HOMILY 6TH SUNDAY IN ORDINARY TIME YEAR B.
JESUS CURES THE LEPER
1. Leprosy, a religious and civil condemnation in the Old Testament
In the ancient times, lepers were marginalized from the society for leprosy was considered not only contagious and incurable but also makes man impure before God according to the Old Law, and must be isolated from the rest of the community.
- This is the reason why in the first reading of this Sunday’s Mass, lepers were obliged to make known their presence and proximity to others. A leper must keep “his garments rent and his head bare, and shall muffle his beard; he shall cry out, ‘Unclean, unclean!’” so that people could avoid them. Moreover, lepers were obliged to live apart from the rest of the population (Lev 13: 44-46).
Leprosy was then considered not only as a grave illness, but also represents a religious and civil condemnation, if not death of the leper.
2. Jesus, the face of God’s mercy, stretches out his hand and touches the leper to cure him.
Considering what was said above, it amazes us how in today’s Gospel, Jesus treated with compassion the sick and the outcast, represented by the humble leper.
“A leper came to Jesus and KNEELING DOWN BEGGED HIM and said, ‘IF YOU WISH, you can make me clean.’ Moved with PITY, he stretched out his hand, TOUCHED HIM, and said to him, ‘I do will it. Be made clean’ .”Mk 1: 40-41
This brief Gospel passage teaches us the following profound ideas:
- When we ask Our Lord for something, we must ask it with HUMILITY —the leper KNELT down and BEGGED Our Lord—a very striking image which manifests the leper’s indigent condition, humbly asking for God’s mercy.
- In our petitions, we should give PRIMACY TO WHAT GOD WANTS and not to what we want. “If you WISH”, the leper told Our Lord, indicating his RESPECT FOR GOD’S WILL for He knows better than us.
- Utterly different from the usual reaction of the Jews of his time who had neither qualms nor scruples in eluding the leper, Jesus, indifferent what others would say, and of the rules of his time, was “moved with PITY,…stretched out his hand, TOUCHED HIM” clearly showing us an example of COMPASSION TOWARDS THE SICK, THE OUTCAST, THE MARGINALIZED: TOUCHING THE UNTOUCHABLE.
Touching a leper meant being infected even inside, in the spirit, that is, becoming unclean. But in this case the influence flows not from the leper to Jesus so as to transfer the contagion, but actually from Jesus to the leper so as to grant him purification.Pope Francis, Angelus, 11 February 2018.
That gesture and those words of Christ contain the whole history of salvation, they embody God’s will to heal us, to purify us from the illness that disfigures us and ruins our relationships. In that contact between Jesus’ hand and the leper, every barrier between God and human impurity, between the Sacred and its opposite, was pulled down.Pope Benedict XVI, Angelus, 12 February 2012
This gesture of tenderness and compassion teaches us how we should treat others, especially those who are sick and marginalized. Jesus didn’t come to condemn the leper, nor to reject Him. Rather, he showed him the tender compassion all of us need, for we too have our own infirmities which need to be healed by God.
We should thank God for his mercy and compassion. He is willing to heal us of our infirmities as long as we humbly approach him and ask for his help. At present, there are a multitude of sick people suffering due to the pandemic and let us ask Our Lord to help and console them, and also contribute something on our part to relieve their sufferings, for when we do so, we are becoming imitators of Christ, as St. Paul reminds us in the 2nd reading.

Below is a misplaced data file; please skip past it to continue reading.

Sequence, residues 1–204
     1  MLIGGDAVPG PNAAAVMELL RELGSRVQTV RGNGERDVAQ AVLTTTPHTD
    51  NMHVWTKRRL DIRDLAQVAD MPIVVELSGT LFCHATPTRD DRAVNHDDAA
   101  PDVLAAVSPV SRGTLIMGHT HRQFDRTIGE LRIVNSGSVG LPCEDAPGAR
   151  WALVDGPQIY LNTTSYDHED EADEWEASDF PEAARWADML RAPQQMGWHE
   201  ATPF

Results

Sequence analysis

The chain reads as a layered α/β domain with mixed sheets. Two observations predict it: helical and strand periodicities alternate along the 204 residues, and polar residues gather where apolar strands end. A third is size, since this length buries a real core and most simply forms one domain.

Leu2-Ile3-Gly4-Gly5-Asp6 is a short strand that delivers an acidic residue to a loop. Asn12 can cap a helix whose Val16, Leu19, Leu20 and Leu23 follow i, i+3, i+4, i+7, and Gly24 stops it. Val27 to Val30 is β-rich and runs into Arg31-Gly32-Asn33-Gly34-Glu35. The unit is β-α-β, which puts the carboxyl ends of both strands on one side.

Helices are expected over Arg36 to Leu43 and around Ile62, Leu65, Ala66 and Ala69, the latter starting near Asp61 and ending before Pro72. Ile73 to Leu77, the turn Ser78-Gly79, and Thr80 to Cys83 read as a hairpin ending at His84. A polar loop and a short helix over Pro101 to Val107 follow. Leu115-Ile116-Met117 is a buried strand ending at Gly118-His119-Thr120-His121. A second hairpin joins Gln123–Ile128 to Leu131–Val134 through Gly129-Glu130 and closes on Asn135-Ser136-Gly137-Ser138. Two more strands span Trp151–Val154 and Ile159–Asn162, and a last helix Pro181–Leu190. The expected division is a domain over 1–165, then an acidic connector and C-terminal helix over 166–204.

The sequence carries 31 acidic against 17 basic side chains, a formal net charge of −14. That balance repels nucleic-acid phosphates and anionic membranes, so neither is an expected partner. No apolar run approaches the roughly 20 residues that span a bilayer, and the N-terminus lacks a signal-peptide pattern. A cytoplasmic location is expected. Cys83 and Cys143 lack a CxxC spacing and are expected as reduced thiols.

In his message for Lent 2015, Pope Francis invites us to “ask the Lord:
‘Fac cor nostrum secundum cor tuum’: Make our hearts like yours (Litany of the Sacred Heart of Jesus). In this way we will receive a heart which is firm and merciful, attentive and generous, a heart which is not closed, indifferent or prey to the globalization of indifference.”Pope Francis, Message for Lent 2015
3. Leprosy, a symbol of sin
Nevertheless, we must be reminded that it is not leprosy or whatever physical illness which makes us unclean but rather our sins. Leprosy is actually a symbol of sin and of its consequences. Through mortal sin, man is lost and disoriented. His life loses its meaning and direction. He ruins himself, the people around him, and his friendship with God. That is why if one were to name the greate tragedy which could happen to a Christian, that would to commit a mortal sin.
Sin “is the true impurity of heart that can distance us from God. It is not in fact the physical disease of leprosy that separates us from God as the ancient norms supposed but sin, spiritual and moral evil.“Pope Benedict XVI, Angelus, 12 February 2012
Full of faith, we must go to Jesus so that He may clean and purify us, specially in the Sacrament of Confession, for this is where Jesus tells us: “I will: be made clean.”
Jesus, takes from us our diseased humanity and we take from Him his sound and healing humanity. This happens each time we receive a Sacrament with faith: the Lord Jesus “touches” us and grants us his grace. In this case we think especially of the Sacrament of Reconciliation, which heals us from the leprosy of sin.Pope Francis, Angelus, 11 February 2018.
On the other hand, our Eucharistic offering also purifies and renews us for it the the source of all grace and true life.
May this oblation, O Lord, we pray, cleanse and renew us and may it become for those who do your will the source of eternal reward.Prayer over the offerings, 6th Sunday in Ordinary Time.
SEE AS WELL: 6TH SUNDAY IN ORDINARY TIME YEAR B 2021 MASS PRAYERS AND READINGS HERE.
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